Plantar Fasciitis

Plantar FascitisDescription

Plantar fasciitis is characterized by stiffness and inflammation of the main fascia (fibrous connective [ligament-like] tissue) on the bottom of the foot. It is occasionally associated with a bone spur on the heel. Occasionally there may be a partial or complete tear of the fascia of the bottom of the foot. Bone spurs themselves usually do not cause symptoms.

Common Signs and Symptoms of Plantar Fasciitis

  • Pain and tenderness in the sole of the foot, mostly under the heel bone, with standing or walking
  • Particularly noticeable pain with the first steps when getting out of bed in the morning or after sitting

Causes of Plantar Fasciitis

  • Stress or injury to the heel tissues, which causes inflammation and calcification of the fascia of the foot
  • Irritation of a small nerve that runs under the foot where the main fascia attaches to the heel bone
  • Tight calf muscles or flat feet
  • Shoes that are poorly fitted, have inadequate arch supports, have with soles that are too stiff, or have rigid arch supports (orthotics)
  • Activities that require sudden turns or stops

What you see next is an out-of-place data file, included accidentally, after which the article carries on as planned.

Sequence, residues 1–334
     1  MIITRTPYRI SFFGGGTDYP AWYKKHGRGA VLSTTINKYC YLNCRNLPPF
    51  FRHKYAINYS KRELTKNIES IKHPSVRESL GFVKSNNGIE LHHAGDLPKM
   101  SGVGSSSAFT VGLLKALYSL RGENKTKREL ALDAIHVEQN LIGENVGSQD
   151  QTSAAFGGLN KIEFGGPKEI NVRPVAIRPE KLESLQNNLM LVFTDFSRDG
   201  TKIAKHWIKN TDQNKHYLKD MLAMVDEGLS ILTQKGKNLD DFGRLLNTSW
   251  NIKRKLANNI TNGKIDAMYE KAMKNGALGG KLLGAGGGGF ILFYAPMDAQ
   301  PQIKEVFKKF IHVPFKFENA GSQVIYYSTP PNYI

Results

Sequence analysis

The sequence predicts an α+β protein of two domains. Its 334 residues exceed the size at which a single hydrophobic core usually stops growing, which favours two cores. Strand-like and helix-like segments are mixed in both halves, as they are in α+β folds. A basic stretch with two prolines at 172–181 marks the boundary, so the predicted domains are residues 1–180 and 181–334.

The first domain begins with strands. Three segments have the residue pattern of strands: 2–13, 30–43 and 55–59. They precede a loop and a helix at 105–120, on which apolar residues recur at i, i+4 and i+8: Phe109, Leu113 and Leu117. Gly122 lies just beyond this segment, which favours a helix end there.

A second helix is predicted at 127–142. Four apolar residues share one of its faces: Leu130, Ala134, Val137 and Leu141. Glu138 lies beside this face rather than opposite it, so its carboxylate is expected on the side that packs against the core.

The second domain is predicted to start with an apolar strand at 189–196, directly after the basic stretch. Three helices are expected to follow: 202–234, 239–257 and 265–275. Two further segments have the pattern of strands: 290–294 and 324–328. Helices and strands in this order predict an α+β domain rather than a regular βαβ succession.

Risk for Plantar Fasciitis Increases With:

  • Sports, including running or jogging, and sudden stops or changes in direction
  • Prolonged standing
  • Poor physical conditioning (strength and flexibility)
  • Inadequate warm-up before practice or play
  • Obesity
  • Flat feet

Plantar Fasciitis Prevention

  • Appropriately warm up and stretch before practice or competition.
  • Maintain appropriate conditioning:
     - Calf, ankle, and foot flexibility
     - Strength and endurance
     - Cardiovascular fitness
  • Maintain ideal body weight
  • Avoid activities that put a constant strain on the foot
  • Wear appropriate shoes with a rubber or felt heel cushion and good arches or cushioned arch supports

Expected Outcome

Plantar Fasciitis condition is usually curable with appropriate conservative treatment. If not, heel spurs are often curable with surgery.

Possible Complications

  • Frequent recurrence of symptoms, resulting in a chronic problem; appropriately addressing the problem the first time decreases frequency of recurrence
  • Lower back or knee disorders caused by constant limping
  • Pain or weakness of the foot during push-off following surgery
  • Chronic inflammation, scarring, and partial or complete fascia tear, occurring more often from repeated injections

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